My five favourite reads of 2020
Online bookseller and kids and YA author Leanne Hall shares five of her favourite reads from 2020, including an enthralling middle grade fantasy, a gripping crime debut, a highly imaginative anthology of terrific Australian writers, and more.
The Republic of Birds by Jessica Miller
This atmospheric middle grade fantasy contains many of my favourite things: folk tales, sentient animals, maps, unmastered magical powers, challenging family members and a slightly surly child heroine. Jessica Miller’s second novel is a wonderfully funny and exciting fantasy adventure that transports the reader to an icy northern world, where the complicated history between the human and bird kingdoms has drastic consequences for young cartographer Olga Oblomova.
The Better Liar by Tanen Jones
If I told you the plot of this thriller, you’d think it couldn’t possibly work … but it becomes utterly plausible in Jones’s skilful hands. After the death of her father, Leslie needs her estranged sister Robin to come with her to claim their inheritance. But when Robin is discovered dead in her apartment, Leslie asks random actress/waitress/lookalike Mary to pose as her sister with her family’s solicitor - and things get very complicated. I love strange and unpredictable crime fiction, and this dark, immersive story was very tense and captivating.
If I Had Your Face by Frances Cha
Four young women living in a rundown Seoul apartment building grapple with careers and relationships in this debut that held my rapt attention from start to finish. Kyuri milks every dollar out of her hostess job at an upmarket ‘room salon’, while hair stylist Ara resists her parent’s expectations and obsesses over her favourite K-pop star. Serious artist Miho maintains her integrity while dating one of society’s ultra-elite, and Wonna keeps her pregnancy a secret from her demanding boss. If I Had Your Face explores similar social divides as Bong Joon-ho’s Academy Award-winning film Parasite, but keeps a sharp focus on how narrow and perilous the paths are for women in contemporary South Korea.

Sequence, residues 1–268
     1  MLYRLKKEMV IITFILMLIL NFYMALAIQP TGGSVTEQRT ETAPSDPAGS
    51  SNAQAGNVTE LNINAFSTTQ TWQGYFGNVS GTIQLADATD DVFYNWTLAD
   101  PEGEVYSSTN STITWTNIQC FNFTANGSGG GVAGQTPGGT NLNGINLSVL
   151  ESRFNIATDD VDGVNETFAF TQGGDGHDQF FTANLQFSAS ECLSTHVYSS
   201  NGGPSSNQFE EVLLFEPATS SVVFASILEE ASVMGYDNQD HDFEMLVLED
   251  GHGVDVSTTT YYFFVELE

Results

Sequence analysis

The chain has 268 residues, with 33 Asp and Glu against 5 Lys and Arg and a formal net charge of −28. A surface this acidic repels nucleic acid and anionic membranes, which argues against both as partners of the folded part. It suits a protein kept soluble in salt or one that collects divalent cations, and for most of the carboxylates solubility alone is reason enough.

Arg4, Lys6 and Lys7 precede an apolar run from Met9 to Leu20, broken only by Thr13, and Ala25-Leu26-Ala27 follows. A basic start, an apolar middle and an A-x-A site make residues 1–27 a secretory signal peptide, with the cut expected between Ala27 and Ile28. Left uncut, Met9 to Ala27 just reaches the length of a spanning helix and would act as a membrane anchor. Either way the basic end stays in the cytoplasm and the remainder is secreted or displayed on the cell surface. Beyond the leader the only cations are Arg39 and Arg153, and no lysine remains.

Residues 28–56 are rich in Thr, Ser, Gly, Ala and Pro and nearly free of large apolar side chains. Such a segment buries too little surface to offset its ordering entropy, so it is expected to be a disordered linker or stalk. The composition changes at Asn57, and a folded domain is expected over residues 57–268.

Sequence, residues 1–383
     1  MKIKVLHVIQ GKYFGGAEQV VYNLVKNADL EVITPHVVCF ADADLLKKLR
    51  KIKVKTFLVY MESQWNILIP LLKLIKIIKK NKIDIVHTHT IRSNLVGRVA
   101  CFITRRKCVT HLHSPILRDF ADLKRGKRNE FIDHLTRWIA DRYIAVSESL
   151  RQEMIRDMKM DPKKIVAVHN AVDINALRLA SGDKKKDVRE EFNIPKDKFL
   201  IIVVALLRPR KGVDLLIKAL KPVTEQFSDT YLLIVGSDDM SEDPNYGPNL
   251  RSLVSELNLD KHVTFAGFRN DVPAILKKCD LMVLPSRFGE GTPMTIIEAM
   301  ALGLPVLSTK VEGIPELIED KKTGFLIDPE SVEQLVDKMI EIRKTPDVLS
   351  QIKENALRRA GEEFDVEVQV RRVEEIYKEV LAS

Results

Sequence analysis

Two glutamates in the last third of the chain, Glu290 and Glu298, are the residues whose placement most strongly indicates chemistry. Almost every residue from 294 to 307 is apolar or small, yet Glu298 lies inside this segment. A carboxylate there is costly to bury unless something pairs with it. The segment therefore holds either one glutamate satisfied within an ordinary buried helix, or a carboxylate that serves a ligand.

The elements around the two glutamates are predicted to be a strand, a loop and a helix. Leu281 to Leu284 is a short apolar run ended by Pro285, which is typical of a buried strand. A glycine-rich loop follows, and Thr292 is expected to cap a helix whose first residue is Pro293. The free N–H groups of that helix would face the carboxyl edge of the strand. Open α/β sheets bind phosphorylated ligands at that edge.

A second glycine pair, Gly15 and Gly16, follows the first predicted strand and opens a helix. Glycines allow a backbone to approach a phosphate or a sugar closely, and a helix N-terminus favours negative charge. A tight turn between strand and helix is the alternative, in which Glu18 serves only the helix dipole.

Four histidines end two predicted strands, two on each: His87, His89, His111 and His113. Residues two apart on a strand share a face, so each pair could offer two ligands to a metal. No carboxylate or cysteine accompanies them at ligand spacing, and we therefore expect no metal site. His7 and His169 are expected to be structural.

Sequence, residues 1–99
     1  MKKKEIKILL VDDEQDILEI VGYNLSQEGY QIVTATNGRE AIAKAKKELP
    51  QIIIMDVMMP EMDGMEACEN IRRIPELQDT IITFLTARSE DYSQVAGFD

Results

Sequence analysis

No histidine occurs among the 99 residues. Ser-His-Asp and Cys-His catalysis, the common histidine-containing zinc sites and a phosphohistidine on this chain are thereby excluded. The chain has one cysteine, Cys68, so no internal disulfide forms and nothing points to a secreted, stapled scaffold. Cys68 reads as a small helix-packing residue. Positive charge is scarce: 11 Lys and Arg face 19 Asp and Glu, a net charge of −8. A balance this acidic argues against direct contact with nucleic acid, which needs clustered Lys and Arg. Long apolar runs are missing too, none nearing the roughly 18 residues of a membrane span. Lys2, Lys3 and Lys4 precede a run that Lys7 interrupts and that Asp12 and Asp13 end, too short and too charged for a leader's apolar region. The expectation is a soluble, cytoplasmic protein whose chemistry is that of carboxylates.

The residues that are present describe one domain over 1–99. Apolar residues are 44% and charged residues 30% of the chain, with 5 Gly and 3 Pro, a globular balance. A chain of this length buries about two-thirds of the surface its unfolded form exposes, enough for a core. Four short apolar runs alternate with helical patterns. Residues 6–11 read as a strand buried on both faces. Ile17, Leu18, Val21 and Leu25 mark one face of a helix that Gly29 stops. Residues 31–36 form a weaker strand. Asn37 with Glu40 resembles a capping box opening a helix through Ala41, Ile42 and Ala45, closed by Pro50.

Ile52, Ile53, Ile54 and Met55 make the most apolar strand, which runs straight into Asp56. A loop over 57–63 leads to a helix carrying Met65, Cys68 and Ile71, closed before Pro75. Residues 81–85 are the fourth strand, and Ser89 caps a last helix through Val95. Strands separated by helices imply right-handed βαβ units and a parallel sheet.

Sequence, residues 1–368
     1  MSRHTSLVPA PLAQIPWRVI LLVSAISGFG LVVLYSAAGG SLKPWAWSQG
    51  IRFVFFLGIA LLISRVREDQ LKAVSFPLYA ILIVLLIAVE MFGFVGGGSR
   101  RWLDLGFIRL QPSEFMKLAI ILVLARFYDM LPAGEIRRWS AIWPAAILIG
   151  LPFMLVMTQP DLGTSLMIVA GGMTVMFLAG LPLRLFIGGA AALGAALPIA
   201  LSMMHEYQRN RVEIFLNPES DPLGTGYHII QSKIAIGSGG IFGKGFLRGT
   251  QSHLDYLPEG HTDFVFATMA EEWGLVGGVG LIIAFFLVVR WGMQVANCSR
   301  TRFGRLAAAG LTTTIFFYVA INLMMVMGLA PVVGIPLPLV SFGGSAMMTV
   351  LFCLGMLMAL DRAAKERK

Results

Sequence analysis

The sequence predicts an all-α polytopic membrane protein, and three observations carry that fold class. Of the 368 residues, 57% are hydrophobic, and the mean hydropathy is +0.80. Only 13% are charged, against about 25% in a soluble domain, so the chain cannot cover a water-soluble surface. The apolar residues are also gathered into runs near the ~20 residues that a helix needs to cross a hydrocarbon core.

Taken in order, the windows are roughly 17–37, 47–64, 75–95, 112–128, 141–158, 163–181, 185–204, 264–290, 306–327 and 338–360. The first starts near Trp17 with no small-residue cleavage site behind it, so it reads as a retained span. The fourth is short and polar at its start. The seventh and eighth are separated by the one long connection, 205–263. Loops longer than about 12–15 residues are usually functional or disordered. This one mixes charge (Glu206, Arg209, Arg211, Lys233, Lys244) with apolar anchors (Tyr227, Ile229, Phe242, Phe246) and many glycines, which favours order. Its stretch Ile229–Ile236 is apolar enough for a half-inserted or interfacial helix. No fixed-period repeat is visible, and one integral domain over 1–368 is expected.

After Australia by Michael Mohammed Ahmad (editor)
Anthologies of short fiction are my literary catnip, and they are extra desirable if they involve speculative elements. After Australia brings together emerging and established Australian First Nations writers and writers of colour to imagine our nation’s future, and truly, every story is a winner. I loved how laterally the task was approached; there are alternate colonial pasts, weird almost-presents, and very near futures in this collection.
It’s Been A Pleasure, Noni Blake by Claire Christian
If you just need to feel better, stronger and more optimistic, then you must pick up this soul-fortifying novel. Protagonist Noni’s personal quest for pleasure, self-love, clarity and healing in Europe is about as close as I’ll get to overseas travel for some time. There’s sexy times with sexy people (and some relatable unsexy and disappointing times, too), new tattoos, new friends, new experiences… All in all, this is a highly entertaining and effervescent romp, that also manages to encompass the type of deep self-reflection and learning that comes when life requires big changes from a person.